Review: The Ancients by Nick Marsh

The AncientsThe Ancients by Nick Marsh
My rating: 2 of 5 stars

The Ancients is a fantasy novel with an element of science fiction thrown in. The setting is the aftermath of a civil war, with the king captured and his former advisor and friend installing himself as the Lord Protector. The last of the Royal Guard, Dazlar, returns home to his village of birth. Just outside his village, he discovers the body of a dead woman on the side of the road. Hoping that someone will recognize her in the village, Dazlar takes the body with him, but then the body comes back to life. After a short homecoming, Dazlar agrees to take the woman, who has no memory of who she is, to the nearest large settlement. The problem is that the woman is of interest to the Lord Protector, because of her link to an artifact left by the Ancients, beings of great power who created the world and ruled over them for centuries before mysteriously disappearing. Legend has it that the Ancients will return. The Lord Protector thinks that this woman is one of them.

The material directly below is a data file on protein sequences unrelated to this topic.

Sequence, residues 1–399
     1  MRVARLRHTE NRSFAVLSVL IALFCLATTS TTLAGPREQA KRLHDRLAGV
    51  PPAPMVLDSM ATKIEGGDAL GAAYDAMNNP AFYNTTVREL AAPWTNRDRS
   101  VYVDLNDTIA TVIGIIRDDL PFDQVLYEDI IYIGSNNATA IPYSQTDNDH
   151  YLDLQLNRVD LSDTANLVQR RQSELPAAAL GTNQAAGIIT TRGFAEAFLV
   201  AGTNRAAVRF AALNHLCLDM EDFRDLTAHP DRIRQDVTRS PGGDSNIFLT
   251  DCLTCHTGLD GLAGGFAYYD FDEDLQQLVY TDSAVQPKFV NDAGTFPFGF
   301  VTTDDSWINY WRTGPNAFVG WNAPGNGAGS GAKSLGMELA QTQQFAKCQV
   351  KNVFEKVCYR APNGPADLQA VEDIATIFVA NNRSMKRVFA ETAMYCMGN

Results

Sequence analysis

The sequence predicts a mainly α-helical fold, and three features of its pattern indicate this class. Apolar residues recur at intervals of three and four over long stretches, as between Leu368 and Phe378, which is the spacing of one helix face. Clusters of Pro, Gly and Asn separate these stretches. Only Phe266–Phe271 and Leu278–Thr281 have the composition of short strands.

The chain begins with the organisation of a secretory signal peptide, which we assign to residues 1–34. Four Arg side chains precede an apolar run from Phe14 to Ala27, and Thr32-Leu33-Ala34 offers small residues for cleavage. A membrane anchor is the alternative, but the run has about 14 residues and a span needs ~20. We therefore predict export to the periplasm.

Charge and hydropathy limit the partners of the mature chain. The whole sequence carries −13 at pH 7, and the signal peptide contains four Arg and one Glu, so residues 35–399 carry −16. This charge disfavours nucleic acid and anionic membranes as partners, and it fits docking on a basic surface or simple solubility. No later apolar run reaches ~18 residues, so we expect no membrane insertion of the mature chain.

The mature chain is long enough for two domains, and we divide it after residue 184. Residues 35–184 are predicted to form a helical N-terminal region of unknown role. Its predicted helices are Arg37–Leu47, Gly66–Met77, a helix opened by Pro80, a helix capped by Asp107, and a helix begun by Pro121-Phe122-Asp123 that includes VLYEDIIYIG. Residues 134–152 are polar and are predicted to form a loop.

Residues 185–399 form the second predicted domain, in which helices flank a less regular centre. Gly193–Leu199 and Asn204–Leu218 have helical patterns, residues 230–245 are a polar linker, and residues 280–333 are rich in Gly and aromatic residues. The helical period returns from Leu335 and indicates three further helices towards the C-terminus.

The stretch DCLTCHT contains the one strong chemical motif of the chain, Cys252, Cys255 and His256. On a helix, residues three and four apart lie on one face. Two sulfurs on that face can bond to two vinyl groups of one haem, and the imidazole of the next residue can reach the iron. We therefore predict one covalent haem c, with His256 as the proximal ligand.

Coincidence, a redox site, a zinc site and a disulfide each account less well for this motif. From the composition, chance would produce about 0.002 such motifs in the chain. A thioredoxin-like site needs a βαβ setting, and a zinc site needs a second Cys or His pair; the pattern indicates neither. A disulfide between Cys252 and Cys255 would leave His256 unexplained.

The cover of the book has an interesting composition, featuring a number of the characters from the book. The artwork is of a decent level, but palette is rather dark and difficult to make out as a thumbnail.
The characterisation and dialogue is functional, the amount of description is adequate. Word confusion, typos and clumsy sentence structure plague this book throughout, to the point that it was becoming annoying. The story feels a little ponderous in the middle with world-building that isn’t always relevant to what is happening now or not driving the plot forward. The build-up of the romance between Dazlar and the leading lady is handled clumsily to the point that it seems to come out of no where. The rivalry between Dazlar and his former colleague Ellis, isn’t given a proper showdown and I felt more sympathy with the villain, the Lord Protector, instead of feeling disturbed by his slow descent into madness.
I’ve recently reviewed a couple of novels that use gaming as a way to set themselves apart from the crowd. The science fiction element of The Ancients tries to the same with subtle hints of the ‘game-world’ suffering synching problems, like in the Assassin Creed games. Although this aspect of the plot is essential to understanding the motives of the Lord Protector, it feels contrived because it almost feels as if the author wants to keep it a secret, but it comes across as the elephant in the room that nobody wants to talk about.
The premise of the book isn’t bad but I find I struggle to wholly recommend this book. This is the author’s third book and after reading the first chapter I had high expectations, which unfortunately weren’t met. Therefore this book scores only 2 stars for me.

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